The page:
*Martha is interested in art and art history. She paid attention to facilities in the same way student-athletes and pre-med students do. And, she had plenty of feedback about places where the art facilities felt like an afterthought. She was very impressed by a few places that had made recent investments in the fine and performing arts facilities. 

*Martha’s interest in art led her to consider colleges in cities because of the access to art museums, galleries, and internships. She’s still very much drawn to the value of a liberal arts education, but location mattered more to her than I had initially imagined.

*Martha was very interested in the diversity of each college community. The exposure she’s had to diversity as a student at a larger, public, urban school has been important and I am proud of her desire to surround herself with a diverse community. 

*Martha found social media accounts to be very, VERY important in helping her see if there were other people like her at the colleges and universities she was considering. Emails–even from those in her final four–rarely were opened. Same for most direct mail pieces.

*17- and 18-year-olds can be fickle. We encouraged Martha to jot down her thoughts after each one visit. One “pro” from her list: great Balsamic salad dressing at the cafeteria’s salad bar. One “con”: Really big hill to walk to and from the art building

I’ve worked in higher education for nearly 30 years, and last week I had the most powerful educational experience yet…and it was in a prison

A few weeks ago, I received an invitation from Dr. Sharon Varallo to attend final presentations by 10 Augustana students who happen to be incarcerated at East Moline Correctional Center. I feel truly privileged to have been invited to attend and get to know these Augustana students, who are admittedly different from most with whom I interact. 

My initial role with the Augustana Prison Education Program (APEP) was to help connect a donor with Dr. Varallo, who was channeling her passion into a really compelling program. But, once the money came in the door and the program was underway, I hadn’t given it much thought. 

That changed when I was asked to facilitate a panel discussion that included two faculty members teaching in the program and a trustee from the foundation that made the grant that funds APEP. During that 65-minute Zoom webcast, it became very clear to me that something special was happening in the classroom at East Moline Correctional Center.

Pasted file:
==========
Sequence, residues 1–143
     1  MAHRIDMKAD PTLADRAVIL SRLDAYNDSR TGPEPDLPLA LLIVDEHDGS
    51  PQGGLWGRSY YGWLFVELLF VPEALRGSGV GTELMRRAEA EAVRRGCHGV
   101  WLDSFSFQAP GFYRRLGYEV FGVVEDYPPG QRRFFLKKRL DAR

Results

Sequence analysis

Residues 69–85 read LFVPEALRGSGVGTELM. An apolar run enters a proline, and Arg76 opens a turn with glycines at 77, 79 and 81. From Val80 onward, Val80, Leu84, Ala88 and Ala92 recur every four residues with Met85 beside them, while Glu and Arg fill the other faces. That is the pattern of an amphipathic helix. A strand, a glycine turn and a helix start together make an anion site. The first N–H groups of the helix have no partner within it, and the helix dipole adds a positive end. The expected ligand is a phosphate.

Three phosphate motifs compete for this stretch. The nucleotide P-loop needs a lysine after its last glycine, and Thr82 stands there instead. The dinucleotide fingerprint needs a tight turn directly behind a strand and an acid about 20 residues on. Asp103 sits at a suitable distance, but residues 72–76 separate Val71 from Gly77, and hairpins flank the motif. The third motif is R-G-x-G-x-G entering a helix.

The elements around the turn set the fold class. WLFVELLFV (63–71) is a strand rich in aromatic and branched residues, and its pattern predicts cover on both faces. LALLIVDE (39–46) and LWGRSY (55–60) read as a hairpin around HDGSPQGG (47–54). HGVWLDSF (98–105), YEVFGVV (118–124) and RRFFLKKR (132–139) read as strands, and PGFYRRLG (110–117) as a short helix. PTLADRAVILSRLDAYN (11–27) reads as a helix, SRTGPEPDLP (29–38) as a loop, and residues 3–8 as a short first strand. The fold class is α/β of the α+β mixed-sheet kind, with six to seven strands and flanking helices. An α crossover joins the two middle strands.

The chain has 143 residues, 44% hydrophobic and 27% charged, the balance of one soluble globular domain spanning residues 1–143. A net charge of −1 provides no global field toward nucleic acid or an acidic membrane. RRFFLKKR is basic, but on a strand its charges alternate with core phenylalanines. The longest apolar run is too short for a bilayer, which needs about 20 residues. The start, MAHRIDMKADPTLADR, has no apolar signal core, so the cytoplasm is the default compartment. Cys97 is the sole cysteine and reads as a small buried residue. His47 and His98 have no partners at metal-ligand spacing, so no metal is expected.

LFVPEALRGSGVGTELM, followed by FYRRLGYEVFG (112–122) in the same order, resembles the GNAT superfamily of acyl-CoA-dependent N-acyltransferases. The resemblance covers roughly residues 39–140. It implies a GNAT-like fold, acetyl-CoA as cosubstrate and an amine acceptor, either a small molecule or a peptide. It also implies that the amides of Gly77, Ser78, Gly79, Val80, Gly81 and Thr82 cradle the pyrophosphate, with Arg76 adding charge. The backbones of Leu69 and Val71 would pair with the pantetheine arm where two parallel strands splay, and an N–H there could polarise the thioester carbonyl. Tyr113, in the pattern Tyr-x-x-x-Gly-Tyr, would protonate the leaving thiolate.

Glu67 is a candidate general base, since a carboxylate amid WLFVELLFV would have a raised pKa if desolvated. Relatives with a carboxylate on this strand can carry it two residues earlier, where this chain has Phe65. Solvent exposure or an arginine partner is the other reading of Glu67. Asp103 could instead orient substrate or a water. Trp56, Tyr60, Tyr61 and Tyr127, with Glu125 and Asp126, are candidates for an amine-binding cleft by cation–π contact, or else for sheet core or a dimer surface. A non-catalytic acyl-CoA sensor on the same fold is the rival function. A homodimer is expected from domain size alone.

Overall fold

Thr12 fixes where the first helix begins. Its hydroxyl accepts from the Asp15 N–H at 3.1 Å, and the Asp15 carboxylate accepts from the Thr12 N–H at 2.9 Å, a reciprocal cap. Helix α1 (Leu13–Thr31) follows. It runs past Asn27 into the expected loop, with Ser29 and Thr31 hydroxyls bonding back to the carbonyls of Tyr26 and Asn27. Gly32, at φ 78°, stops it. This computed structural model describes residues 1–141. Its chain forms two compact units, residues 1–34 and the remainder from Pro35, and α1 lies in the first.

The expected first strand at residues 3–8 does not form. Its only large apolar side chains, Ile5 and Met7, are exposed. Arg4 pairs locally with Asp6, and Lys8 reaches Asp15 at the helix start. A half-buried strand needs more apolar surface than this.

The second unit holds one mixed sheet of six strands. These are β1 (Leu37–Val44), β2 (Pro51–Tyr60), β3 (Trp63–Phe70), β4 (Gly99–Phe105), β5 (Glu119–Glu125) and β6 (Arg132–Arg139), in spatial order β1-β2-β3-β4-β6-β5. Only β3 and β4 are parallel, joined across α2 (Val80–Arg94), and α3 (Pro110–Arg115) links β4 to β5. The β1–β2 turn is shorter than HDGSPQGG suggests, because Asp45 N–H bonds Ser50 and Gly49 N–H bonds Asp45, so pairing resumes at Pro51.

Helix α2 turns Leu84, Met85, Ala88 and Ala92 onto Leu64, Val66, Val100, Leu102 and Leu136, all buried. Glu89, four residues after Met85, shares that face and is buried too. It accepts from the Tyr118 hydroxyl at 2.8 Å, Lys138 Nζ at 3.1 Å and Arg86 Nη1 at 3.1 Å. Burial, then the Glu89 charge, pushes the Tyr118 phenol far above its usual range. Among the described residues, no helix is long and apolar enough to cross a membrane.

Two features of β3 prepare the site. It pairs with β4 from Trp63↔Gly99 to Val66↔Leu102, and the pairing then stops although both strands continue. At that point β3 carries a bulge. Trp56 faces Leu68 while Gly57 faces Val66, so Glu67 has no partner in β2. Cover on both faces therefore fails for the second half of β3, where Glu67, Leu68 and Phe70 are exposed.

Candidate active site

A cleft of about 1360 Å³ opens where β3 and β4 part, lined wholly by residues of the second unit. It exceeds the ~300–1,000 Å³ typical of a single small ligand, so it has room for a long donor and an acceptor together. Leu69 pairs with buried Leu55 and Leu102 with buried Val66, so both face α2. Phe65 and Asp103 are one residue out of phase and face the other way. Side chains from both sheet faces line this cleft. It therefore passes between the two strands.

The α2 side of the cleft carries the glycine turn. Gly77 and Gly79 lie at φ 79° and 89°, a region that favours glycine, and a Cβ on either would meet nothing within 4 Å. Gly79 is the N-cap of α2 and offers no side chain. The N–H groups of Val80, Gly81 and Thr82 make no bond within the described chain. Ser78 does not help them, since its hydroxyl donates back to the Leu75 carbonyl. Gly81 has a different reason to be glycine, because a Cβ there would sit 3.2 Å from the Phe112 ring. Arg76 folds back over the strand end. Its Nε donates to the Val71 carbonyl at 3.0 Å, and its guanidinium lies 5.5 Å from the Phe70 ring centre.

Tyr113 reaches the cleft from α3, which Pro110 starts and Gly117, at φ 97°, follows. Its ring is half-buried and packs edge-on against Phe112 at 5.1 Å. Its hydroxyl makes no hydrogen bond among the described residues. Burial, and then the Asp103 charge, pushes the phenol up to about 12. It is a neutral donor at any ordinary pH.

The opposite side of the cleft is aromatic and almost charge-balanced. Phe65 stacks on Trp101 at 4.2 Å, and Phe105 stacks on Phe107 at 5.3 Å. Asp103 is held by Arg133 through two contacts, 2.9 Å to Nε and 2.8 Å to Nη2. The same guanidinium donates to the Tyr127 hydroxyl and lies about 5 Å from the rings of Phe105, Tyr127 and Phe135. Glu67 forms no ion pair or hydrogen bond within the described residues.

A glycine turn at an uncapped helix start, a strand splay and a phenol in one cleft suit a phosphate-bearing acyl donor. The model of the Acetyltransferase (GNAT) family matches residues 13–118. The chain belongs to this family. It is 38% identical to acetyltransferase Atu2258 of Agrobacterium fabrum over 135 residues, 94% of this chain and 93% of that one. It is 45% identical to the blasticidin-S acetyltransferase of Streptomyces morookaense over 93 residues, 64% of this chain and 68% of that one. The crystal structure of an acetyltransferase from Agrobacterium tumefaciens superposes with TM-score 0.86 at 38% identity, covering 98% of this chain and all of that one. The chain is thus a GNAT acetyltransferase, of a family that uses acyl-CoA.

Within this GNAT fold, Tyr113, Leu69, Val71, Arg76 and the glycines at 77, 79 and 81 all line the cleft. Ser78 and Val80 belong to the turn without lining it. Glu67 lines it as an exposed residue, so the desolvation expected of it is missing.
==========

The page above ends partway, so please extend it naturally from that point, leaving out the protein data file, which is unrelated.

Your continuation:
I wanted to know more. Dr. Varallo’s invitation followed shortly thereafter, and I accepted with excitement and a bit of unease. (I hadn’t been in a jail since I was six or seven, when I had thrown rocks through some windows and my father took me over to the county jail as a learning experience). 

The visit was scheduled for December 7. Jacob Bobbitt, another administrator on campus, and I were invited to watch final presentations. But late in the day on the Friday before, we were notified that we could not go on the scheduled day because that was the day the students at East Moline Correctional Center were getting their COVID-19 booster shots. I thought then that the visit might not happen at all, because it was so late in the semester, but Dr. Varallo worked a miracle and rescheduled everything for the next morning. 

Getting to the classroom was what you might imagine it would be like: guards, gates, temperature checks, dated facilities and incarcerated people (all men) wearing the same thing. Jacob and I were led by Dr. Paul Olsen, Augustana Professor Emeritus of English and retired coach, on the half-mile walk to the Augustana College classroom. 

We got there early and were met by two Augustana students enrolled in APEP who were practicing their presentations. Let me say, I was impressed already. 

The classroom is adorned with all kinds of Augustana College posters and pennants. 

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Both of the men immediately stopped and greeted “Olsen.” They also introduced themselves to Jacob and myself with an enthusiastic handshake. It was clear to me from the very beginning that these men take pride in their connection to Augustana College and the opportunity they have to earn a bachelor’s degree through APEP. 

The rest of the students also showed up early, save one who had received permission to complete an activity in the library and arrive later. Upon entering the classroom, each student greeted Jacob and me in the same way as the first two students. Each took his seat, which I believe had been assigned, and things got rolling. 

I was already so moved by the enthusiasm these students demonstrated for learning and the opportunity that I’d have left with very positive views of APEP without even seeing the presentations. These were impressive students. But, after listening to the presentations, I was transformed by the experience. 

Dr. Varallo had given them the assignment to make a persuasive argument about the value of each one of Augustana College’s Learning Perspectives—the foundation of the college’s general education requirements. It was an imaginative assignment for a host of reasons, but it was especially interesting to witness what these students put into it. 

Each student had one of the following to defend, and then persuade his fellow classmates of the value of taking course work within each area: 

“Universal” Human Experiences

 Arts 

 Natural Sciences              

 Social Sciences   

 Math/Stats        

 Additional Languages

 Global, Diversity-Focused

 History                

Literature